2002 Suzuki Aerio
Click image to enlarge

Words and photos by Haney Louka

Have you heard of the Suzuki Aerio? If not, you’re not alone. I spent three days with the car and not one person I encountered knew what it was. That’s not surprising: the Aerio has had such a minuscule amount of publicity since its introduction that I could almost believe Suzuki was trying to keep it a secret.

That’s too bad, because this little Suzuki has a lot going for it.

While it’s the latest entry in the ever-trendy segment of the market that includes the Toyota Matrix, Pontiac Vibe, Chrysler PT Cruiser, and Mazda Protege5, it’s not an entirely new concept. Remember the Dodge Colt Vista and Honda Civic Wagons that were sold in the ’80s? Let’s just say that those cars were about 15 years ahead of their time. Except that these newer entries have been designed with styling near the top, rather than at the bottom, of the priority list.

2002 Suzuki Aerio

2002 Suzuki Aerio

2002 Suzuki Aerio
Click image to enlarge

The Aerio is available in both sedan and “Fastback” models, and starts at a penny-pinching $15,785 for the GL model. Standard equipment includes AM/FM/CD player, dual cup holders, digital instrument panel with tachometer, power windows, rear wiper/washer, and a 12-volt power outlet.

Next in the lineup is the GLX for $18,485 which adds a standard four-speed automatic transmission, A/C, cruise control, front map lights, height-adjustable driver’s seat, power locks and mirrors with remote keyless entry, rear cargo cover, and a rear spoiler.

The top-of-the-line SX is $18,985 with a manual transmission and $19,985 with an automatic transmission. My SX test car wore a ground effects package, five-spoke aluminum wheels, 6-speaker stereo, anti-lock brakes, fog lamps, and heated mirrors. With a five-speed manual gearbox, my tester wore a sticker price of $19,475. That’s not too shabby for the top end of the model range.

Interestingly, both sedan and ‘Fastback’ models are priced identically.

Powering all Aerio models is a smooth-running, transversely mounted 2.0 litre four cylinder engine that produces 141 horsepower at 5,700 rpm and 135 lb-ft of torque at 3,000 rpm. While my tester’s manual gearbox is standard equipment, a four-speed automatic is optional.

Initial driving impressions of the Aerio are favourable. The driving position is somewhere between car- and minivan-height, which means decent visibility without having the feeling of being perched atop, rather than in, the vehicle.

The smooth four-banger does make a bit of a racket when pushed, but it’s nothing outside the realm of acceptability in this price range. The brakes (a disc/drum combination), though spongy, worked well in the slick weather I experienced while behind the wheel, with the ABS system allowing good control in stopping situations. The one thing I did notice, though, was that the Aerio is highly susceptible to cross winds, most likely owing to its combination of tall height and light weight.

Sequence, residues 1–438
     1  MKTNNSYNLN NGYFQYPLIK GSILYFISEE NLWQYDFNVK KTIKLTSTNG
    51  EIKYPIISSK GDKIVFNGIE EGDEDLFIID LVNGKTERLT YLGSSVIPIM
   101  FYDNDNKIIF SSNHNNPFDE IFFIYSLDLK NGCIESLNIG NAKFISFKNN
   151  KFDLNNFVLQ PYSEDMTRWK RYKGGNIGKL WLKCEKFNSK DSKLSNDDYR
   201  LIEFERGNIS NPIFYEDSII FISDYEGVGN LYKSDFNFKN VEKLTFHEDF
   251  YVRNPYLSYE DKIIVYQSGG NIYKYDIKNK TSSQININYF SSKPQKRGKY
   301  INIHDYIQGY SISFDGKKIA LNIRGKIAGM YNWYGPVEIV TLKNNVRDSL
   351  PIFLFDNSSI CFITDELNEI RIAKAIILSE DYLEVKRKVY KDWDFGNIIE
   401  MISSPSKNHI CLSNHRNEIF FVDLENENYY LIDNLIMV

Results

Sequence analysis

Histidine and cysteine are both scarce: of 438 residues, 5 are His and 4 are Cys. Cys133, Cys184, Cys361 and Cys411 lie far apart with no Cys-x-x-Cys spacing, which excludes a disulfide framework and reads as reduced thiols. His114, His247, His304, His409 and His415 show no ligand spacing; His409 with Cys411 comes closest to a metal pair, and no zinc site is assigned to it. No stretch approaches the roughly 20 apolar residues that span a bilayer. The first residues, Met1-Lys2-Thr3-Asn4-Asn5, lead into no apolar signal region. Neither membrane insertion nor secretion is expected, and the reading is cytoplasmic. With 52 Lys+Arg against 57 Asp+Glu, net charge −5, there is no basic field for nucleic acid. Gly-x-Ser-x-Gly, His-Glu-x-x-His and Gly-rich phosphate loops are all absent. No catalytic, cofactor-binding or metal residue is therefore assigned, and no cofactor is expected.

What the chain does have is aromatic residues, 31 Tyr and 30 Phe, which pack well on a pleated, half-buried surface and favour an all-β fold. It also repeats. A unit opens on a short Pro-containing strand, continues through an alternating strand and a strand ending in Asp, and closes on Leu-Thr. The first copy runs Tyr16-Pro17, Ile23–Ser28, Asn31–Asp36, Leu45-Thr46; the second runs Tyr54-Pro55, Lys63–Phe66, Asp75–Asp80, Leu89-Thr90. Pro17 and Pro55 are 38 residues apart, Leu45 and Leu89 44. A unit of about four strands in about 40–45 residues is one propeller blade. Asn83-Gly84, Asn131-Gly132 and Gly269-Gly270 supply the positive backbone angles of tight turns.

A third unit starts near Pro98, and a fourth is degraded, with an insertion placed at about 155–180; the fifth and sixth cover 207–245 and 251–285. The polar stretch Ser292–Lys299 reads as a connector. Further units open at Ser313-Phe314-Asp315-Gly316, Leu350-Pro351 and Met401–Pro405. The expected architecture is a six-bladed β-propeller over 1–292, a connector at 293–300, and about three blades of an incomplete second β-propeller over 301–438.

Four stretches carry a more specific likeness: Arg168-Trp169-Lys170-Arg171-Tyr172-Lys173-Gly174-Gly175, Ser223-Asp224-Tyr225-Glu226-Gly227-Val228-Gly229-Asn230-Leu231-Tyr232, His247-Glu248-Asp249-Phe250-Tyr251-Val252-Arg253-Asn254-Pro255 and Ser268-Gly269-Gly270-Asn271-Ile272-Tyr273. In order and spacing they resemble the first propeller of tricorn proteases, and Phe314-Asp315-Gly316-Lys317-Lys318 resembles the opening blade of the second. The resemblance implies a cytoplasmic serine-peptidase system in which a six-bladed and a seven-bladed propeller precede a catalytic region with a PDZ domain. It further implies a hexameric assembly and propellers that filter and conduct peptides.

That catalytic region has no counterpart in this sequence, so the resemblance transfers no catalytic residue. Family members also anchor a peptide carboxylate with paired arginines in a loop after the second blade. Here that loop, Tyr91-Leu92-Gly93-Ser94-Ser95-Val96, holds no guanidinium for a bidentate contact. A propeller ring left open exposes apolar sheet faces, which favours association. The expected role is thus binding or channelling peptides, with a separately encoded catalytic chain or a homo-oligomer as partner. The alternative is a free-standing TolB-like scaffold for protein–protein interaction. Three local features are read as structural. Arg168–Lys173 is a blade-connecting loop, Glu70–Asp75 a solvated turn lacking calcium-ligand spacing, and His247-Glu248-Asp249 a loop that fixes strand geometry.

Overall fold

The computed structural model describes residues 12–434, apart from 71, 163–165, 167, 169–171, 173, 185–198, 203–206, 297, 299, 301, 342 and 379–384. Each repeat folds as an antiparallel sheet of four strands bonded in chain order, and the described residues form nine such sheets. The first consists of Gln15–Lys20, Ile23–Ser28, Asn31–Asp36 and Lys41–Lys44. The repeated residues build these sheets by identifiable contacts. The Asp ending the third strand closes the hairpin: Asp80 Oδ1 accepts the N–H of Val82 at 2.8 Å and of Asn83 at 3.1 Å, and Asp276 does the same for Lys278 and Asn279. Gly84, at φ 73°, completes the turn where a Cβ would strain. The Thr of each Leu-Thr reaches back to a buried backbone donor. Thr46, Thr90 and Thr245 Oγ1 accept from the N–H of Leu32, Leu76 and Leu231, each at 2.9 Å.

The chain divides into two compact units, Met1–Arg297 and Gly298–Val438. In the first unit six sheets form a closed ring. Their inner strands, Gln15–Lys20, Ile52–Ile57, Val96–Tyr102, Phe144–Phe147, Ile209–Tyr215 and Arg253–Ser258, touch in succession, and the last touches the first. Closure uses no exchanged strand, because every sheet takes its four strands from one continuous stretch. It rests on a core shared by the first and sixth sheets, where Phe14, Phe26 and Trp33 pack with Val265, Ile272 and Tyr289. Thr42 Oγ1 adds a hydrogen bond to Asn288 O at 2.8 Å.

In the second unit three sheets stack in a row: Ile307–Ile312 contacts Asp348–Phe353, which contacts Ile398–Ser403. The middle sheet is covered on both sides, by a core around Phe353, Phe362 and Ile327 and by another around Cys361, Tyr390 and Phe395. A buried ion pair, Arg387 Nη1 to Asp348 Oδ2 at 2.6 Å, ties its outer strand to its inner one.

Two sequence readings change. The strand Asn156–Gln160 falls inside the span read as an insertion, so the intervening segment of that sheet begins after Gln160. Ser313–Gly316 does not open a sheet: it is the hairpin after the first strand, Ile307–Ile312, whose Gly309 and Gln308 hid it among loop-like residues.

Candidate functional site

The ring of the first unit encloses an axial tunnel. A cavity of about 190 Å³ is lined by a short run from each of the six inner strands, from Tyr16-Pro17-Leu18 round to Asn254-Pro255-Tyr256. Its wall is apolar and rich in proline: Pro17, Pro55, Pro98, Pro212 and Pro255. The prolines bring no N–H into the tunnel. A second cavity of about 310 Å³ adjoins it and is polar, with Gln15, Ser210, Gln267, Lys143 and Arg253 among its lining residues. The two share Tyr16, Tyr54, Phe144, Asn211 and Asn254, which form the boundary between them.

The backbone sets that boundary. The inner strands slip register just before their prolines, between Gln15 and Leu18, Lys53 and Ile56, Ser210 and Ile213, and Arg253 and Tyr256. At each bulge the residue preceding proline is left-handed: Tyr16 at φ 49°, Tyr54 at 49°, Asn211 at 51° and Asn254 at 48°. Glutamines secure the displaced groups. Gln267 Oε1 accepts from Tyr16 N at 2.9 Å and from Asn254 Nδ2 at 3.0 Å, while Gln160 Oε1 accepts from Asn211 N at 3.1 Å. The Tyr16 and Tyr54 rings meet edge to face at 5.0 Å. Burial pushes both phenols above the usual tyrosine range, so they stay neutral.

The driving environment is unique, to say the least. The dash shape is symmetrical, with the high central point containing the CD/Cassette head unit. To the left of the stereo is the digital instrument panel, which, while small, does manage to display all of the information that drivers are accustomed to seeing, including speedometer, tachometer, coolant temperature, and fuel level.

2002 Suzuki Aerio

2002 Suzuki Aerio
Click image to enlarge

Secondary controls aren’t so conveniently placed, though. Buttons for the cruise control, rear view mirror defoggers, rear wiper, and rear window defogger are scattered between the centre stack and the lower dash to the left of the steering wheel. The turn-signal lever blocks the electric rear-view mirror control, so it took a couple of seconds before I located it.

A concession to price seems to have been made in the dash materials as well (something has to give, right?). Hard black plastic dominates the dash, with the only break being in the form of metallic rings around the rotary ventilation controls.

Headroom and legroom for four are plentiful, but the middle position in the rear seat is best left vacant. Suzuki’s designers likely realized that the Aerio is too small for families of five to consider, as the middle rear seat belt is of the non-retracting, lap-only variety.

The rear cargo area is quite versatile, thanks to split fold-down rear seats and a nifty floor that lifts to reveal numerous storage bins between the main cargo area and the spare tire. I have to say, though, that the hard plastic cargo floors in the Vibe and Matrix are one step ahead of the Aerio in terms of utility.

Overall, the Aerio is a strong contender because of the excellent value it represents in its class. On top of that, fuel mileage is rated at a miserly 9.1 L/100 km (31 miles per Imperial gallon) city and 6.7 L/100 km (42 mpg) highway.

Look for Autos’s complete Test-Drive report of this interesting new entry in the coming weeks.

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